Document summaries for the week of May 20, 2019
Lack of substantiation dooms charitable contribution deduction
The D.C. Circuit held that a limited liability company was not entitled to claim a charitable contribution deduction for donating a future interest in a piece of commercial property to the University of Michigan because it failed to substantiate the value of the donated property. Blau, No. 17-1266 (D.C. Cir. 5/24/19).
CPEO rules finalized
The IRS finalized regulations governing certified professional employer organizations (CPEOs), which allow employee leasing companies and other professional employer organizations to be solely liable for payroll taxes on wages they pay to their customers’ employees. T.D. 9860 (5/24/19) (see related news story).
IRS lists organizations that have had exempt status revoked
The IRS issued a list of organizations for which it has revoked its determination that they qualify as organizations described in Sec. 501(c)(3) and Sec. 170(c)(2). Announcement 2019-04 (5/20/19).
Taxpayer can partially exclude cancellation of debt from gross income
The Tax Court held that a taxpayer could exclude from her 2011 gross income discharged debts of $42,852 and $5,299 under the insolvency exclusion and the qualified principal residence indebtedness exclusion, respectively. However, the taxpayer had to include in her 2011 gross income $307,337 that she had previously excluded because, the court found, she could not prove that she was insolvent beyond the amount the court and the IRS allowed. Bui, T.C. Memo. 2019-54 (5/21/19).
IRS failed to properly verify mailing of deficiency notice to former NFL player
The Tax Court held that the IRS abused its discretion when it failed to properly verify that the assessment of a retired National Football League player’s unpaid 2010 income tax liability was preceded by a duly mailed notice of deficiency. The court noted that the IRS had “incredibly” produced a USPS Form 3877 dated May 11, 2012, intended to evidence the mailing of a May 11, 2012, notice of deficiency to the taxpayer via USPS certified mail, after previously stipulating that it could not produce a USPS Form 3877 for the May 11, 2012, notice of deficiency to the taxpayer. Kearse, T.C. Memo. 2019-53 (5/20/19).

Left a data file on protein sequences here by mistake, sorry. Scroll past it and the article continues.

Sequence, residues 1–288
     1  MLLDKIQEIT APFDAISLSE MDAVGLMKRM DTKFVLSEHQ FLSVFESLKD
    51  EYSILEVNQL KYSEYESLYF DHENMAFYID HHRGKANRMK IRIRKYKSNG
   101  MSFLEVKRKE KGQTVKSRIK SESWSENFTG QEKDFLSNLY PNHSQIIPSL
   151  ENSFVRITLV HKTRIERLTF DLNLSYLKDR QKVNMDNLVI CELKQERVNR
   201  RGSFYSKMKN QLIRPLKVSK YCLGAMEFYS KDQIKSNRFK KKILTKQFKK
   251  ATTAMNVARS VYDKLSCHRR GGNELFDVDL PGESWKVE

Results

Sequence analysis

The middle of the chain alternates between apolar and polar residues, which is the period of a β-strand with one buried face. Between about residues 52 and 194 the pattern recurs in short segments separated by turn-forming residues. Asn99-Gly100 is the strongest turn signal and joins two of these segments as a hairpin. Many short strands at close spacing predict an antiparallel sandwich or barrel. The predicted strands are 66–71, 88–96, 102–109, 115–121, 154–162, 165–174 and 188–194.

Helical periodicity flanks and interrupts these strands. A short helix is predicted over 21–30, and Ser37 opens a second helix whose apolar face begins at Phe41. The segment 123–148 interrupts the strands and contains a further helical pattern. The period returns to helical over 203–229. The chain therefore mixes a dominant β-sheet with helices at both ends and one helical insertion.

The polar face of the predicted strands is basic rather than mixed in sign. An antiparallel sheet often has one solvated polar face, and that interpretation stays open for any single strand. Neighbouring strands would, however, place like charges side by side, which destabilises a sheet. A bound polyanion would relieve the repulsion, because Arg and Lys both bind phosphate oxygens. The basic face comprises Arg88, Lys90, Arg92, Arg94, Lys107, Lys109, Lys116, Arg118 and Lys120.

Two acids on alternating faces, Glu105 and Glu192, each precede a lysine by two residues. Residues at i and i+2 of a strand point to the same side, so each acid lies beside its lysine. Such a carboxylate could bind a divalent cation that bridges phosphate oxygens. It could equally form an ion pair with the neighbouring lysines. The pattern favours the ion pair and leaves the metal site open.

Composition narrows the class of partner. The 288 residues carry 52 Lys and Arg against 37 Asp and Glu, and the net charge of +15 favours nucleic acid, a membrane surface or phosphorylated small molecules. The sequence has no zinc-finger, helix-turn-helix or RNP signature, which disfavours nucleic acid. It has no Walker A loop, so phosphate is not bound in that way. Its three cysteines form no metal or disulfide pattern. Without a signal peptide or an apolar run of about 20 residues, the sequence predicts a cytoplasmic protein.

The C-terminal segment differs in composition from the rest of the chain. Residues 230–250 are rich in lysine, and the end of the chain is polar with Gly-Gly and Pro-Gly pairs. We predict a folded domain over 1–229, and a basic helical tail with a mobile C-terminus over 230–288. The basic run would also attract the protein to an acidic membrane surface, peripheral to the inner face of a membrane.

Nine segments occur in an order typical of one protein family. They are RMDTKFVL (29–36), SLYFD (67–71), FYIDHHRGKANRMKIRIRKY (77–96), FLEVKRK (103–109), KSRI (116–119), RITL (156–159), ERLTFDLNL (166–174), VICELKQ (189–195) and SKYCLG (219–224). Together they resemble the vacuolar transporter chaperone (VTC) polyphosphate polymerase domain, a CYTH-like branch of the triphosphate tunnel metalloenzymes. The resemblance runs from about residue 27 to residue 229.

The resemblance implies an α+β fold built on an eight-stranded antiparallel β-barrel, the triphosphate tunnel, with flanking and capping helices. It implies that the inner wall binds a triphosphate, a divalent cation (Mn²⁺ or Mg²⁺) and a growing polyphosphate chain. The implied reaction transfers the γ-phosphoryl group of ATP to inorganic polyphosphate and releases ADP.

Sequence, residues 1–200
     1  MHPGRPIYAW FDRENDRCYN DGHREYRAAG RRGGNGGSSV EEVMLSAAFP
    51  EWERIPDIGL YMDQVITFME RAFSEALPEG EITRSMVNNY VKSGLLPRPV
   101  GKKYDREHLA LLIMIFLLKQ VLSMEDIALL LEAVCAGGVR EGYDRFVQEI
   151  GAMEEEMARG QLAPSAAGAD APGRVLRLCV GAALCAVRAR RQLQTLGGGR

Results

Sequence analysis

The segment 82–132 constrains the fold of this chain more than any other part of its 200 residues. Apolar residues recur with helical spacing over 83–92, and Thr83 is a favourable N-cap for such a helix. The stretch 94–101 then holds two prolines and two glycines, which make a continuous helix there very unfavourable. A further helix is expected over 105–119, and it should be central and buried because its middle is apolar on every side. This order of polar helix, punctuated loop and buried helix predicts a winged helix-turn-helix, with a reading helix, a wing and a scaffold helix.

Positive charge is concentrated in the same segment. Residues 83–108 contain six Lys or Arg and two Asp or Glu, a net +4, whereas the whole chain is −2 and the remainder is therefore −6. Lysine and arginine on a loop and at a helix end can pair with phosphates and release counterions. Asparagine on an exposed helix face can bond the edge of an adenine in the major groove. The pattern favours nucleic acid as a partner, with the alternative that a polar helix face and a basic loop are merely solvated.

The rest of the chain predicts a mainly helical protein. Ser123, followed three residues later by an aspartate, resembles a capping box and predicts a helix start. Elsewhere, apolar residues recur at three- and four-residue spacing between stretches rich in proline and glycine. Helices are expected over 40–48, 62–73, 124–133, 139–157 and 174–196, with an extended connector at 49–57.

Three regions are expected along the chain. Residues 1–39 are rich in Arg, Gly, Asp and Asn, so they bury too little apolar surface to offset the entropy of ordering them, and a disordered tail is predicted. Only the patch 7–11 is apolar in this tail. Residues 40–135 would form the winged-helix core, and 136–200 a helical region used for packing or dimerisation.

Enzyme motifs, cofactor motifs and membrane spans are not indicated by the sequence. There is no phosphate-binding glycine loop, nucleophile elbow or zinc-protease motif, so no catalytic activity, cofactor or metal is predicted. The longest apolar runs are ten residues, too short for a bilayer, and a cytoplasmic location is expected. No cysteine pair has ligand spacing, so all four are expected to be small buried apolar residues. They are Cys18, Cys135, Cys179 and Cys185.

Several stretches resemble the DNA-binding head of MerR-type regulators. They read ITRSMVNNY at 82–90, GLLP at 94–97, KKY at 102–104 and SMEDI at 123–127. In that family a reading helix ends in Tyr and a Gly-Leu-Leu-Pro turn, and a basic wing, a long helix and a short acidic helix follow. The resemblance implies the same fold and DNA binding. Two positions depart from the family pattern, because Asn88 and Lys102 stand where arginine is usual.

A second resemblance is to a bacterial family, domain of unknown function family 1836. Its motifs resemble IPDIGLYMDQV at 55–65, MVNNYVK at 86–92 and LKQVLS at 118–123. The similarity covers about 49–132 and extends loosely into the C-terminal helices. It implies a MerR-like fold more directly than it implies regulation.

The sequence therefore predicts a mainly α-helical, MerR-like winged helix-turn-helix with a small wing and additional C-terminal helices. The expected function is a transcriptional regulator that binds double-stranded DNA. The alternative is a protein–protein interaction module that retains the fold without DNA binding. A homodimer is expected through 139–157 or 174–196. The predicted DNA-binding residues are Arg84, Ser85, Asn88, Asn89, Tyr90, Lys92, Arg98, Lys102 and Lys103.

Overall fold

Court rejects assessment of trust fund recovery penalty against taxpayer
The Tax Court held that, in determining what action, if any, should be taken to remedy an IRS error in assessing a trust fund recovery penalty against a taxpayer, the Sec. 6672(b)(3)(B) requirement that the IRS make a final administrative determination in response to a timely protest before it can assess the penalty is one of the requirements of applicable law or administrative procedure, compliance with which must be verified by the Office of Appeals in a Sec. 6330 collection-review hearing. The Tax Court further held that the assessment of the trust fund recovery penalty in the instant case was invalid and, as a result, did not sustain the collection action determination made by the Office of Appeals. Romano-Murphy, 152 T.C. No. 16 (5/21/19).
IRS corrects typo in Notice 2019-32
The IRS issued a correction of a typographical error in the first sentence of Section 4.01 of Notice 2019-32, a notice in which the IRS requests comments on Sec. 45Q issues. The sentence states that comments may be submitted in writing on or before Thursday, June 4, 2019, but the correct date is July 4, 2019. Announcement 2019-06 (5/20/19).
IRS has superior claim to delinquent taxpayer’s income
The Sixth Circuit held that the IRS is entitled to take a taxpayer’s consulting fees for payment of back taxes, ahead of other claimants, including a company that loaned the taxpayer money and obtained a judgment against him. AES-Apex Employer Servs., Inc. v. Rotondo, No. 17-2068 (6th Cir. 5/17/19).
2018 IRS Data Book issued